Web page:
Carrying carbon monoxide in a yoga ball is “crazy”, a medical scientist told the trial of a Malaysian professor accused of using the method to murder his wife and daughter.
On Friday, pharmacologist Nicholas Buckley went on to half-jokingly warn lawyers, jurors, and spectators of the lethal consequences of releasing such a device inside the High Court courtroom where Khaw Kim Sun’s trial is taking place.
“It could wipe us all out,” he said.
Calling the idea “extremely dangerous”, Buckley went on to characterise the transporting of the deadly gas in such a fashion as “a crazy thing to do”.
The University of Sydney professor, who flew in from Australia, was called as an expert witness by the defence, who are looking to rebut the prosecution’s case that Khaw used a gas-filled yoga ball to kill his wife, Wong Siew Fing, 47, and daughter Lily Khaw Li Ling, 16, on May 22, 2015.
Prosecutors have said Khaw, who denies two counts of murder, placed a yoga ball leaking carbon monoxide in Wong’s yellow Mini Cooper on the day she and her teenage daughter were due to use it. The pair died of carbon monoxide poisoning, after they were found unresponsive in the car, which was parked at the Sai O Village bus stop in Ma On Shan.
Khaw has not denied filling up the ball with the gas, which the court heard he obtained from his university. But, the anaesthesiologist argued he only took it back to his three-storey village house to kill rats, prompting prosecutor Andrew Bruce SC to cross-examine Buckley about its safety.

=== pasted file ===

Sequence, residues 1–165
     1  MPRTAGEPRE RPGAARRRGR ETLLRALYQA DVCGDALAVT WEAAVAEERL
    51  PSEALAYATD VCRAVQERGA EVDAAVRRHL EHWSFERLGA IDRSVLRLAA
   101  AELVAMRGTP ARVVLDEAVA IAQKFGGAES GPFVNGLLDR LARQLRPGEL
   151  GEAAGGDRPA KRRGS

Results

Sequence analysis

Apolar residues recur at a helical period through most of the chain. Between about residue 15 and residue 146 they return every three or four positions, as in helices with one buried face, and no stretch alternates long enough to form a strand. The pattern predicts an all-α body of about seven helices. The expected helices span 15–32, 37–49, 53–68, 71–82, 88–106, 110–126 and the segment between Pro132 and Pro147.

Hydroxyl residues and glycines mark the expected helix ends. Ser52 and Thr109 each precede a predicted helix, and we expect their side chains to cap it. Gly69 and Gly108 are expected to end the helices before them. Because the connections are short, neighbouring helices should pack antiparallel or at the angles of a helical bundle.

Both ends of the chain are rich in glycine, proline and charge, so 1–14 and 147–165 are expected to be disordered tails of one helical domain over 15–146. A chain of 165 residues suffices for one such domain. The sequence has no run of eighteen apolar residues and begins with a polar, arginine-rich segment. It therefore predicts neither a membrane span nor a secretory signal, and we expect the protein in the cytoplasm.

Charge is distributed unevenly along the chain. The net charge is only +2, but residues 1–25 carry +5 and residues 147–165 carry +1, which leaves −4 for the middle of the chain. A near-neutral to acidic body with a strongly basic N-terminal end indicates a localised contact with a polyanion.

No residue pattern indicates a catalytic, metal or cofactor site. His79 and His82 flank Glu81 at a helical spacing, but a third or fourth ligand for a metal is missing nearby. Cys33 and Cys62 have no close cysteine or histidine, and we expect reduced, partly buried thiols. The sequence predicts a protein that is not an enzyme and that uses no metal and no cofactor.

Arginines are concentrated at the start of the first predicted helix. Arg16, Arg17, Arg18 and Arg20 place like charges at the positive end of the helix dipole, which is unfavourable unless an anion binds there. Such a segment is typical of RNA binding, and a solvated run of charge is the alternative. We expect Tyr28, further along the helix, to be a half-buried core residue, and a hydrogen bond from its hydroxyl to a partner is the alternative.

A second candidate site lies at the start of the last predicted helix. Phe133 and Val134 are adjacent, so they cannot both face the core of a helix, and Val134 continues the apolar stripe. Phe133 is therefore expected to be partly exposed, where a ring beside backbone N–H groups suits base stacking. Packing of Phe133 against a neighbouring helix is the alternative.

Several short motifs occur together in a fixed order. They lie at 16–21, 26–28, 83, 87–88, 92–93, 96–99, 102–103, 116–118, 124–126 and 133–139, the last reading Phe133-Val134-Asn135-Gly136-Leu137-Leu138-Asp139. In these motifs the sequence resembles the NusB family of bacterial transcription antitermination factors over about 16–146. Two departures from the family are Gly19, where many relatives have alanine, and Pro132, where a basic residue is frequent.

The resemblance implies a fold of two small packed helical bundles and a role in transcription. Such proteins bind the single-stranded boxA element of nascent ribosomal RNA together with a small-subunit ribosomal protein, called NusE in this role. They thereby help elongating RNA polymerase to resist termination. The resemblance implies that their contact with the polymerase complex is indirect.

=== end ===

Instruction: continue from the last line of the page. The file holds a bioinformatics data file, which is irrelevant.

The Australian doctor said he would expect anyone with a relevant qualification to appreciate the danger involved in such attempt. As effective as it sounded, he said, it would be “unwise” to eradicate rats this way, as the gas was also dangerous to other species.
Khaw’s barrister, Gerard McCoy SC, used Buckley’s testimony to challenge the credentials of medical scientists the prosecution had previously called.
Prosecutors had put three doctors on the stand to establish that an experiment involving rabbits and carbon monoxide that Khaw conducted before the death of his wife and daughter was of “no clinical value”, and was simply a ruse to obtain the carbon monoxide.
But, on Friday, Buckley said the prosecution witnesses had relied on controversial research to reach their conclusions, and that one of them was not an expert in the field of carbon monoxide poisoning.
Earlier in the day, Khaw’s friend, Victor Cheong Mun Khan, a Malaysian plastic surgeon whom he met when they worked together at Chinese University, also testified on his behalf.
Calling Khaw a well-mannered, devoted family man, Cheong described his friend as a “very clever man who knows a lot, and he knows how to take care of things”.
However, Cheong said he discovered in 2007 that Khaw and his wife were no longer close, and said Wong had discovered Khaw was having an affair in 2013, from friends during a party at the couple’s holiday home.
He said Khaw later admitted cheating on his wife with his student, Shara Lee, who started out by teaching his children Chinese. The friendship later turned romantic, Khaw told him.
During a post-arrest interview with police, Khaw told officers that Lily, who knew about the yoga ball and carbon monoxide, had used it to commit suicide.
But on the stand, Cheong remembered Lily as a “cheerful and happy” girl.
Eunice Li Lok-ting, the daughter’s ex-schoolmate, remembered her as a clever and rebellious girl, who excelled in humanities subjects.
She said when Lily, who enjoyed playing pranks on people, ran into trouble she was the type to ask others for advice before tackling something herself.
The trial continues before Mrs Justice Judianna Barnes Wai-ling.
This article Yoga ball murder trial: putting deadly gas in ball was extremely dangerous and a crazy thing for Malaysian professor to do, expert tells Hong Kong court first appeared on South China Morning Post